The Cultural Gutter

dumpster diving of the brain

"We are all in the gutter, but some of us are looking at the stars." -- Oscar Wilde

Catharsis denied: when fiery doom
is an anti-climax

lego mount doom 2

When I was about 12, my parents took me to see a stage version of Tolkien’s The Lord of the Rings performed with life-sized puppets. As Frodo was agonizing over pitching his precious ring into the fiery pit of Mount Doom, Sam, exhausted from the epic journey but determined to help his beloved friend, inched […]

The Trouble with Endings, Part 2: The Re-conclusioning

aang_triumphant

The trouble with endings, of course, is that they are really difficult to do well. I’ll try to take that warning to heart myself, since this piece will be my last for The Cultural Gutter. And what better way to wrap up a really fun time on a neat project than to look at endings! […]

What Changing An Ending Means

Becky Chambers breaks down the controversy around the ending of Mass Effect 3 in a spoiler-free, accessible and interesting article at The Mary-Sue. Like this:Like Loading…

An Outrageous Farewell

The Aquaman Shrine says good-bye to Batman: The Brave and The Bold, the cartoon in which Aquaman was the break-out star, with a look at the last episode, “Mitefall!,” and an interview with James Tucker, producer of Batman: The Brave and The Bold. Like this:Like Loading…

The Psychology of Spoilers

Science studies whether spoilers spoil. Strangely enough, they might not. Even more strangely, they might make the spoiled story more enjoyable. Like this:Like Loading…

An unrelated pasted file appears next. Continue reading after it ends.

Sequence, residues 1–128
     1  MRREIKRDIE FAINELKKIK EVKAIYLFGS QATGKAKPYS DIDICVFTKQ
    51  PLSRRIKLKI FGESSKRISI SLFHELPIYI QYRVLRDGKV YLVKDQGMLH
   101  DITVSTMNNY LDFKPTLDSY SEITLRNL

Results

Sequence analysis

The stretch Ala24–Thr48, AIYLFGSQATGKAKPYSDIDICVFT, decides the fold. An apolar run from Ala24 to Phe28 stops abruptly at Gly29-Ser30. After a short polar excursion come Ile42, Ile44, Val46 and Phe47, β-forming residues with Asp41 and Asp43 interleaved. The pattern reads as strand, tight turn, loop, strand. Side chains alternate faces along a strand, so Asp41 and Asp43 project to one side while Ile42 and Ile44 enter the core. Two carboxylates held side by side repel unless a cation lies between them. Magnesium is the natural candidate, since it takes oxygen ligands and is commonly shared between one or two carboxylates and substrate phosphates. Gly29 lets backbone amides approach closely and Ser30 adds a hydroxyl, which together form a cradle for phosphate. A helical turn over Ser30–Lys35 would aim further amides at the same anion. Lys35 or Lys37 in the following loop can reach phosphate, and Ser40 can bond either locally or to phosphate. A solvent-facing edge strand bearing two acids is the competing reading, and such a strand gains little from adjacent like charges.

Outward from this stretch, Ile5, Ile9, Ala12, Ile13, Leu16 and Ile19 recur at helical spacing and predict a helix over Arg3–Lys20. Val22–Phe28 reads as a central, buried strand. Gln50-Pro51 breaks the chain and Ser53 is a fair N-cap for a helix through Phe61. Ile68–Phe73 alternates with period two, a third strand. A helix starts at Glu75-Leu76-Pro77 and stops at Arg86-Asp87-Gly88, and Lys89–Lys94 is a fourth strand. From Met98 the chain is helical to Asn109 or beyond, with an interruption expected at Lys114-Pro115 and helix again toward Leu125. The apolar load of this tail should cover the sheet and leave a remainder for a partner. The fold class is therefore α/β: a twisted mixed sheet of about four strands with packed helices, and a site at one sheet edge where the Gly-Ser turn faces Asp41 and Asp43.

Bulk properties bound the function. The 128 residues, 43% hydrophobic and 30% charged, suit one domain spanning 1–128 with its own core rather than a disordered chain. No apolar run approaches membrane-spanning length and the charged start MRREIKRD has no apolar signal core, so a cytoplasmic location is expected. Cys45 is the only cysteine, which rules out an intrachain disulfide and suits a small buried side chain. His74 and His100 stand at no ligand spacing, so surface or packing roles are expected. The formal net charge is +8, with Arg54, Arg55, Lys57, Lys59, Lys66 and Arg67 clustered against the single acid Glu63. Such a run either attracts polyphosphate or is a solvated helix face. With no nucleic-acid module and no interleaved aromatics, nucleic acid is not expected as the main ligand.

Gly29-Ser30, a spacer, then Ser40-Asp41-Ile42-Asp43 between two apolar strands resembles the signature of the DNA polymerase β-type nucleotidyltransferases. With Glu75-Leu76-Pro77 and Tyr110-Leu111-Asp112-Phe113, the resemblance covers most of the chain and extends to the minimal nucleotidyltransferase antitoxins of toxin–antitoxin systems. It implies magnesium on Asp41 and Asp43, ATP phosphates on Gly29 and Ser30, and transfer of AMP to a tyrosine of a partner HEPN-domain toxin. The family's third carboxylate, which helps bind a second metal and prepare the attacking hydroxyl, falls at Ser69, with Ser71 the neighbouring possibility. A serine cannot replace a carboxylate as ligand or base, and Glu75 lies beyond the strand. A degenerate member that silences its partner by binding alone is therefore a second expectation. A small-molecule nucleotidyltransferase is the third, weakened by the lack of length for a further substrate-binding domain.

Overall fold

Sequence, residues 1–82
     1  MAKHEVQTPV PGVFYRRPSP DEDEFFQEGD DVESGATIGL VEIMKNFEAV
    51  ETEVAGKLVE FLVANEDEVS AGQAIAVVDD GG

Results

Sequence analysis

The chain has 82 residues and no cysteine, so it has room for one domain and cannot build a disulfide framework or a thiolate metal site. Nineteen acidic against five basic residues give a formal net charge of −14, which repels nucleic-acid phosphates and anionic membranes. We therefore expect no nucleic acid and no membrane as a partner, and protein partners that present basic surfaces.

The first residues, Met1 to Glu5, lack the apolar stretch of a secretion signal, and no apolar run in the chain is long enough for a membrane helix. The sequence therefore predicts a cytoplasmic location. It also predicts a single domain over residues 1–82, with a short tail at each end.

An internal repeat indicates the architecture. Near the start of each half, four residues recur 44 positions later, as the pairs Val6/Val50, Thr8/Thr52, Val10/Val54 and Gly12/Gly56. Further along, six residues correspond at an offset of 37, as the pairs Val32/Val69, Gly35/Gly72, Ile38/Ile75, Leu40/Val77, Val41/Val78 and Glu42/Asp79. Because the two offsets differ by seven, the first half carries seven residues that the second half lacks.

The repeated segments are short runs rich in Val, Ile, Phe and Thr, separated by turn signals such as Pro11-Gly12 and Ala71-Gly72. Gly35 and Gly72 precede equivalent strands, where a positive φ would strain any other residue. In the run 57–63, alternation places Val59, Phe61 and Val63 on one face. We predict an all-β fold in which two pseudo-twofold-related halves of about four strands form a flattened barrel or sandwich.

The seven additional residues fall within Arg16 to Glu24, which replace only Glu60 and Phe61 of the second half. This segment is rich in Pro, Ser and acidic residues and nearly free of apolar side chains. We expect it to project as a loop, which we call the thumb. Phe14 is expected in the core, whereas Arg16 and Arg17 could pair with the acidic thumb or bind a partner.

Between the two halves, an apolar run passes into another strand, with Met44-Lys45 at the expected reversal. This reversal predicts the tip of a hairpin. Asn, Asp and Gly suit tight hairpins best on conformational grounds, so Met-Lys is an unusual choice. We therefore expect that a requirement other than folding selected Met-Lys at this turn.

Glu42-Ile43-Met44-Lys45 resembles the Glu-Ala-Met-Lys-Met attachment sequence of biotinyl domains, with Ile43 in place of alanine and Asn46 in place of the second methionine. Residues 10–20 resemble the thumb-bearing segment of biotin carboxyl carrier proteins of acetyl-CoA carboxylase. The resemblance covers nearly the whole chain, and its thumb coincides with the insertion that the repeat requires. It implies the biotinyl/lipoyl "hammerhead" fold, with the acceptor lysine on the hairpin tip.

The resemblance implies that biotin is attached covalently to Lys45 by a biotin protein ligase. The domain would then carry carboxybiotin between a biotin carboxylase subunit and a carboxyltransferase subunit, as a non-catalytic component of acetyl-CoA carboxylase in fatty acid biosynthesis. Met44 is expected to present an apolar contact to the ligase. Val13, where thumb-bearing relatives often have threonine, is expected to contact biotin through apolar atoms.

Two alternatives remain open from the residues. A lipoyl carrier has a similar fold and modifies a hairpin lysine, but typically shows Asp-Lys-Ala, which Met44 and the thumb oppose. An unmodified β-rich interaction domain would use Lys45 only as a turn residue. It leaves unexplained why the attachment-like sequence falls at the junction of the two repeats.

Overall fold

No More Uncertain Endings

College Humor fixes ambiguous endings from The Graduate to The Sopranos to No Country for Old Men. I’d be happier if Anton Chigurh were taken out by Llewellyn Moss’ ninjitsu, though. Like this:Like Loading…

Breaking into the Business by Being Really, Really Disturbing

waspfactory-small.jpg

Disturbing as hell, an elegantly constructed first-person plunge into the mind of a maniac, a teenager who murdered kids when he was a kid (and got away with it), and now has elaborate rituals that mostly involve killing small mammals. As a first novel, that’s one way to make a splash – The Wasp Factory […]

His Dark Ending

The anti-Narnia has a stinker of an ending

I call it a bait and switch. The first book in Philip Pullman’s His Dark Materials trilogy, The Golden Compass, was an adventure fantasy that was fast-paced and written in an incredibly smooth style. Intrigue, danger, children in peril, armoured polar bears, witch clans at war with each other, and above all, a girl named […]

The Trouble with Endings

Hey Spielberg! Get somebody to finish the script.

I’ve noticed recently that otherwise good stories have been let down by their endings. It’s partly due to the expectations of the audience: you can imagine any kind of ending you want, but when the ending finally arrives, it’s been narrowed down to a single one of those possibilities and it might not be as […]

  • Support The Gutter

  • The Book!

  • Of Note Elsewhere